maryeliza54 Mon 21-May-18 23:13:42

I think that’s an incredibly unfair ill informed generalisation about the NHS Beau.

Eloethan Mon 21-May-18 23:17:48

Two comments at the end of a Daily Mail article relating to this subject perhaps give some explanation as to why many pieces of equipment are not accepted back:

"It's really simple. When the product is new, any liability for injuries caused by failure, lie with the manufacturer. How much would you like the NHS to spend on cleaning, sterilising, stress testing & re-furbishing these items?

"Funny isnt it, You lot would be the first to sue if you fell after a "second hand" crutch broke. Anonymous NHS Buyer".

MawBroon Mon 21-May-18 23:27:54

Sweeping generalisation Beau?
As many of us have evidenced, in the words of the song
“It ain’t necessarily so”

maryeliza54 Mon 21-May-18 23:52:22

Another complex subject presented at the level of a two year old by that bastion of intellectual ability the Daily Mail

janeainsworth Tue 22-May-18 00:12:36

After MrA’s hip replacement the numerous aids were supplied by the (county-wide) Community Healthcare Trust and returned to them.
I’m not sure that’s a valid argument -eloethan (I appreciate you were only quoting the article)
Hospitals don’t provide brand new beds or linen for every patient, or trolleys or wheelchairs. They clean/sterilise them and reuse them and check they are fit for purpose. If hospitals are providing equipment for home use they can surely do the same for those items.

Smileless2012 Tue 22-May-18 08:26:50

My condolences for the loss of your aunt Gillflowers.

It beggars belief doesn't it that items such as these are thrown away. I was thinking the same as you janeainsworth, so much equipment is re used and with the financial situation our NHS is in, why on earth is perfectly good equipment consigned to the rubbish dump.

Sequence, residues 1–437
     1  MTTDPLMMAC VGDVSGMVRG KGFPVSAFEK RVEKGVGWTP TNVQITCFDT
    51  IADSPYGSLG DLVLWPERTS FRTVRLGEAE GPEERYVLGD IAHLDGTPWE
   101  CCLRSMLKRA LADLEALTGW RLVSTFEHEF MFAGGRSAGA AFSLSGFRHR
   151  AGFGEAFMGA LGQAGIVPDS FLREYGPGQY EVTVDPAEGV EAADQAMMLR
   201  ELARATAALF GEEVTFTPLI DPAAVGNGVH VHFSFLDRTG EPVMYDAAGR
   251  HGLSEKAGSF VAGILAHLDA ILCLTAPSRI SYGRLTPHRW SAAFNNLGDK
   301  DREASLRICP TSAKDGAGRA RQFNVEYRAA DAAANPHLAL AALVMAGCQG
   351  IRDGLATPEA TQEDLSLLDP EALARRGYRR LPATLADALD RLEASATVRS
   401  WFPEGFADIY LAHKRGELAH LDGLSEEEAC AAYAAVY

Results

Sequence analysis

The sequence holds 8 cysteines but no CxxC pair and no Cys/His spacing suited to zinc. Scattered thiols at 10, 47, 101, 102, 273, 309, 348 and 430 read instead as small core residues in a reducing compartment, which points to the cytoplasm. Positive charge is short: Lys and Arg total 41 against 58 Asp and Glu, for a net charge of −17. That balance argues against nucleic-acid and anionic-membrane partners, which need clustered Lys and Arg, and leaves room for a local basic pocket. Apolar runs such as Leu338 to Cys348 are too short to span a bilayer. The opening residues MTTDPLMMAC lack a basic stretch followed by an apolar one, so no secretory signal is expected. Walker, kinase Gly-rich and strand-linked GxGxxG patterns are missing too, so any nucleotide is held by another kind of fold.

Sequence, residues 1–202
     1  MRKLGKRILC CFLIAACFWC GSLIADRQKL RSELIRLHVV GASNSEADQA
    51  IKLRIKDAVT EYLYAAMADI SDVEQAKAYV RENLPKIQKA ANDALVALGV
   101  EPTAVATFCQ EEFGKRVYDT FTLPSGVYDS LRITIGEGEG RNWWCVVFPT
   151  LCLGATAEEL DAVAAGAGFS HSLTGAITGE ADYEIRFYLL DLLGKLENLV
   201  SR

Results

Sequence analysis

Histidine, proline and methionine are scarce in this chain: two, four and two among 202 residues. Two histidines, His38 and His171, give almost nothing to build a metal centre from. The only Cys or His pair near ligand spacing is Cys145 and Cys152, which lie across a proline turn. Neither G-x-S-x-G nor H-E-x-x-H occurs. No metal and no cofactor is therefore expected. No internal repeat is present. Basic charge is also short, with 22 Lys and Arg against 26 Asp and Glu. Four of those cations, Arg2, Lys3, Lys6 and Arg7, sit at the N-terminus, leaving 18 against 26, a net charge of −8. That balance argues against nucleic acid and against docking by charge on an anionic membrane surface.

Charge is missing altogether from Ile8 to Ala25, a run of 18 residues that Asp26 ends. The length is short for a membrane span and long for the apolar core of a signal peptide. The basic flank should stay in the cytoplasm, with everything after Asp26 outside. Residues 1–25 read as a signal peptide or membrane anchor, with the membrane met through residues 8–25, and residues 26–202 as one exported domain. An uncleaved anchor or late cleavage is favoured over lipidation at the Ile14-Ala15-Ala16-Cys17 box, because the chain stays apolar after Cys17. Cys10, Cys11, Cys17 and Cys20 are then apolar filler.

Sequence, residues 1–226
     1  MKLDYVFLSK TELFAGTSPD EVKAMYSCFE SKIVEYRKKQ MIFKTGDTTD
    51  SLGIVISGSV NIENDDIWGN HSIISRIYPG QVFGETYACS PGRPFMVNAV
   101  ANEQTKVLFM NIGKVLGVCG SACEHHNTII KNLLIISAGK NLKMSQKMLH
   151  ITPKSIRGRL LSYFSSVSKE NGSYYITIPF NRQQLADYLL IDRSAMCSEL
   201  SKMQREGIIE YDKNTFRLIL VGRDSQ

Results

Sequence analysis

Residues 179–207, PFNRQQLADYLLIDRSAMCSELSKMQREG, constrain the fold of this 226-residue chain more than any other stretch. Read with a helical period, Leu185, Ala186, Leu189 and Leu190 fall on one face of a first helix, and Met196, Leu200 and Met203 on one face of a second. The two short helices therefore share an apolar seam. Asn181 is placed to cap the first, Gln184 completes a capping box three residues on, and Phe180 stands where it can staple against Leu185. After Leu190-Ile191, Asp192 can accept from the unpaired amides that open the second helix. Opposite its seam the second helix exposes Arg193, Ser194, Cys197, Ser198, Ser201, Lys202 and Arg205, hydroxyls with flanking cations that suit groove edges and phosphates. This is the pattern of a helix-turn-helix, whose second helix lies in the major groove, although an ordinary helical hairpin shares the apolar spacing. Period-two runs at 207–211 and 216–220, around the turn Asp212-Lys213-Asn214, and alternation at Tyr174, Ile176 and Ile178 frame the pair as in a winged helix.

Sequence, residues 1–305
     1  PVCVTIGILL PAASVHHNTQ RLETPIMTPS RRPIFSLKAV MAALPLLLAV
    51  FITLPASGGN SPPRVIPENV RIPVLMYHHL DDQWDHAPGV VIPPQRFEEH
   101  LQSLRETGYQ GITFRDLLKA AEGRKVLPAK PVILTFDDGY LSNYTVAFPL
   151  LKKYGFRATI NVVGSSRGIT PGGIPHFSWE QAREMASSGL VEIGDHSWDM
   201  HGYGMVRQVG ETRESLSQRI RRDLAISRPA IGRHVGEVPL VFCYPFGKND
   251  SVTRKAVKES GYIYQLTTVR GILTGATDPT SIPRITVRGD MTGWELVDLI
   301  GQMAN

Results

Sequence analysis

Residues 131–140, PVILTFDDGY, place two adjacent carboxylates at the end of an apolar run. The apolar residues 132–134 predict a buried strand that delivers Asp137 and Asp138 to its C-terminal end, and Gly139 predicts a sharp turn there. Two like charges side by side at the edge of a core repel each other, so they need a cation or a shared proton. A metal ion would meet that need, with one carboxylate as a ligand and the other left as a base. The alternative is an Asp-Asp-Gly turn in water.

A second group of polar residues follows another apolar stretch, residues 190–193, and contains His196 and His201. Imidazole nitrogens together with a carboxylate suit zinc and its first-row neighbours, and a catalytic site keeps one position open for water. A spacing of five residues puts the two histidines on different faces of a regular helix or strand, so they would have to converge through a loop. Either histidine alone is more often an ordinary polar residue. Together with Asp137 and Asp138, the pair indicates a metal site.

Besstwishes Tue 22-May-18 09:01:09

My SIL had various pieces of equipment when he had a vehicle accident, when my daughter took them back to the supply centre, she was asked to put it all into the skip apart from the armchair with adjustable legs.
Their skip was full of rusty crutches, walkers and plastic bathroom equipment, when she queried why it was being thrown away they just shrugged. This is in the West Country.

Besstwishes Tue 22-May-18 09:02:39

PS the Charity shops and Red Cross werent prepared to accept the items because of ‘Contamination’ and in case the crutches had been damaged.

Lazigirl Tue 22-May-18 09:06:38

When I was working many relatives were unaware that aids used by their elderly relatives were actually on loan from the Community Health Store, so in ignorance they off loaded them to charities etc. People are issued with a paperwork stating this at the outset which no doubt gets lost. It is a nonsense that they cannot be sterilised and used again. It is a pity that this sort of thing becomes a focus of wasting tax payers money when our NHS despite being a huge organisation is one of the best and most efficient in the world. Far better to concentrate on the big issues of financial waste ie contracting NHS services to private companies, often who are less efficient and who can hand them back when they do not deliver expected profit.

MaizieD Tue 22-May-18 09:10:24

The articles you mention, janea are more expensive to replace; there is a cost benefit to cleaning and reusing them. The medical aids mentioned on this thread are probably cheaper to replace than to clean and refurbish for re-use. (This was pointed out already in this thread)

Though I do wonder if any analysis of costs exists and practice seems to vary between areas.

annsixty Tue 22-May-18 09:19:24

The aids both my H and I had were not on loan from anyone.
They were supplied on prescription issued by the hospital and were delivered from the local mobility shop.
It was the driver who delivered them who told me, that after lots of enquiries , they were told used things could not be returned or recycled.